A three-hour drive from Hanoi, Vietnam’s capital city, will bring you to the calm and charming Ha Long Bay. Located in the Gulf of Tonkin in northeast Vietnam, Ha Long Bay is a UNESCO World Heritage Site that has withstood the test of time, and yes, naval battles and legends. Literally translated as “Bay of the Descending Dragon”, Ha Long Bay offers visitors a majestic view of naturally-formed limestone pillars and, if you have much time to spare, over 1,600 islands and islets. A popular way to enjoy the scenery is by taking one of the numerous Ha Long Bay cruises through glass-like waters (although it was a bit too green for me!) aboard these ships that looked like the ones used back in the 1900s era (my first thought was the Huckleberry Finn cartoons!), giving it an old world feel. We spent two days and a night aboard one (and I was happy to see two very able Filipina crew managers) and although we were actually working (yep, no kidding!), in that short time, I really got to appreciate the calmness (so unlike the 2Go weather fiasco!), majesty and beauty that Ha Long Bay offers to its visitors.
A week or so just before I left for India in 2012, I visited this paradise called El Nido in the northeastern tip of Palawan. There, I met Stepanka (in picture), a Czech woman, and Pedro, her Portuguese boyfriend (they now have a baby!). I did a one-day tour of the islands off the El Nido coast and got my seat in a boat where I am the only Filipino. I still remember the Russian guy (who claimed to be an astronaut but chose to be a trucker as it’s a more financially-rewarding job), and this guy who joined the tour but stayed on the boat (as he already saw most “visible” creatures under the sea in past travels), and this Canadian couple (who didn’t really say much but seemed happy and content). The tour was really worth it, to experience what a day in El Nido can offer. I vowed to return to El Nido one day and finally, tickets are booked! Though it’s not for a few more months, I am already looking forward to once again marvel in the natural beauty and diversity of El Nido and Palawan, above or under the sea.
I was thinking of a different way to describe it but there’s no other way around it — we actually were stranded in Odiongan, Tablas Island, Romblon. So, instead of beach bumming and bar-hopping in Boracay and dancing and drinking our way in Kalibo, Aklan’s Ati-Atihan, we counted the hours in rainy and windy Odiongan while 2Go’s vessel was hidden safely away in a cove/bay in Tablas Island. We all believed that if only 2Go left Batangas Port by 9pm as scheduled, we would’ve reached Caticlan before the Coast Guard warning was up and had an awesome weekend. But then, we all also agreed that had we not been stranded, we then would’ve not thought of stepping into Romblon and experiencing its quiet, laid back and rugged charm — not to mention sampling the delicious Kesh’s Special Bibingka!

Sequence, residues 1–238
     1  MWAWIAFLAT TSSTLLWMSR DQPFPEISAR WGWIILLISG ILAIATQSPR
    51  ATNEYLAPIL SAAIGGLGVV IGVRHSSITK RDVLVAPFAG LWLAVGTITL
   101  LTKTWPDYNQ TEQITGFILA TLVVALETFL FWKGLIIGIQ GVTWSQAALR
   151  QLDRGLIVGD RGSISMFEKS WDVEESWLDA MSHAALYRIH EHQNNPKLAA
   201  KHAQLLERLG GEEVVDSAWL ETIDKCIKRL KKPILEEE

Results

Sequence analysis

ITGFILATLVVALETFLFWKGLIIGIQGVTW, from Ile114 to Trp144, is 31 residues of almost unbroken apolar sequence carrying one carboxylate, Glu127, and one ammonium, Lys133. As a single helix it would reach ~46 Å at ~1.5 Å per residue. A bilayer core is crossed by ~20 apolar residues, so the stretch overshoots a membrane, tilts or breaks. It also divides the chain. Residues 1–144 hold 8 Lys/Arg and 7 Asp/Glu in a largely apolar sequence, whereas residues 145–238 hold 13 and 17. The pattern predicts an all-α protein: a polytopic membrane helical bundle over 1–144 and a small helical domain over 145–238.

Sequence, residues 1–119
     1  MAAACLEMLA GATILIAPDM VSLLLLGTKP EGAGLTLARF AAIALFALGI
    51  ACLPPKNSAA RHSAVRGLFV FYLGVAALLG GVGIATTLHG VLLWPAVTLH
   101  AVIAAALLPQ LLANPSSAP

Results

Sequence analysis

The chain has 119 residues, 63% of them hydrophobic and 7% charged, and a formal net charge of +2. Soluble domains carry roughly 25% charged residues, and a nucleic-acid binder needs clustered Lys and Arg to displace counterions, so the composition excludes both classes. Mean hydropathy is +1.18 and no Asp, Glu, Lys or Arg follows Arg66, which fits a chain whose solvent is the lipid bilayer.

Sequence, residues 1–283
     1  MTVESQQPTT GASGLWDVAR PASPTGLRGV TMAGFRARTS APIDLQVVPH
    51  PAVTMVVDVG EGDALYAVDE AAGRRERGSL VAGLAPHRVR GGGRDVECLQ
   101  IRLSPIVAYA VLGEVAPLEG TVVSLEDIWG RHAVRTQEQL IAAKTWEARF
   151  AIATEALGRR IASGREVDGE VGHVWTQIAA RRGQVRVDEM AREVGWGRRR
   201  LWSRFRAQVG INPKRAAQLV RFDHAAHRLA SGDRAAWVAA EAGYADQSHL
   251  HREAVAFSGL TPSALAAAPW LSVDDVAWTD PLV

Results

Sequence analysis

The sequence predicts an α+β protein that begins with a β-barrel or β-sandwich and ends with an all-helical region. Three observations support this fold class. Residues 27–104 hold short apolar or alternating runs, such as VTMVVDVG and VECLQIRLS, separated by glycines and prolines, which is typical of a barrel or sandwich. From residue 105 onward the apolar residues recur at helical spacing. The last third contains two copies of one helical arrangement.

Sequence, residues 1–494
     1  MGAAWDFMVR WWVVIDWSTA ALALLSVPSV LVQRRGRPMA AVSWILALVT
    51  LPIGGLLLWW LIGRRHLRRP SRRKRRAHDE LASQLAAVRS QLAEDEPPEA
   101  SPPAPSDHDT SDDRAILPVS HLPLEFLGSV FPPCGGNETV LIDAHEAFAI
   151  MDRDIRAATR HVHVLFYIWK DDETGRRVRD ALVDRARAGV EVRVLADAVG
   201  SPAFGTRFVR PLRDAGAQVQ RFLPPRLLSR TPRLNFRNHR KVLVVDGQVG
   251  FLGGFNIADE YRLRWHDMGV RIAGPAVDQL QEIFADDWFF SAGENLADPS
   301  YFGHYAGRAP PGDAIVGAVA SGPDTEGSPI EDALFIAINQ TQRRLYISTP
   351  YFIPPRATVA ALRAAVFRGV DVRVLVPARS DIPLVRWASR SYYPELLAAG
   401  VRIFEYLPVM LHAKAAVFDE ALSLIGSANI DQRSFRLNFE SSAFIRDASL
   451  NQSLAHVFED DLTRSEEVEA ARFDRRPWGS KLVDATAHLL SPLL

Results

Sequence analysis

Yep, both Niklas and I stepped into the cold, cold city of Berlin for the first time on our first week in Europe, after the butt-numbing 7.5-hour bus and ferry ride from Copenhagen.
Following the instructions from our half-Pinay, half-German CouchSurfing host Analie, we took the “Messe/ICC” Ringbahn (loop train) to Gesundbrunnen (one of the main stations for the Ringbahn, S-bahn (railway train like MRT), U-bahn (metro/subway) and regional/international trains) and took the S-Bahn to where she lives. (So much “bahn” right? And we’re not talking about the buses and trams yet. While the transport system is quite efficient, one of the first few lessons in Berlin is that Bahn = train and going to one station using the right S-Bahn or U-Bahn requires tourists (and locals) to never underestimate the travel time necessary. haha)
Finally, after five days of getting pampered and sheltered in Copenhagen with breakfasts, dinners, afternoon walks, cups of tea, [failed] snowball fight, a Royal Opera performance, and the warmth of Merete’s candlelit sitting room, we are now on the road (and currently almost by the sea) to Berlin, Germany and after a few days, to Prague, Czech Republic.
At about 630am this morning, Niklas and I boarded the quite comfortable (nice reclining seats, wide legroom, heater) Eurolines Bus leaving Copenhagen and arriving at Berlin by 230pm. Yep, this bus travel is about 730 hours, more or less the same time (not sure about distance) on the bus from Manila to Ilocos Sur, maybe even until Vigan. The difference: we are crossing countries and not provinces or regions. Also, we are boarding a ferry for an almost 2-hour crossing of the Baltic Sea from Denmark to Germany. Continue reading Copenhagen to Berlin: notes from the road and the sea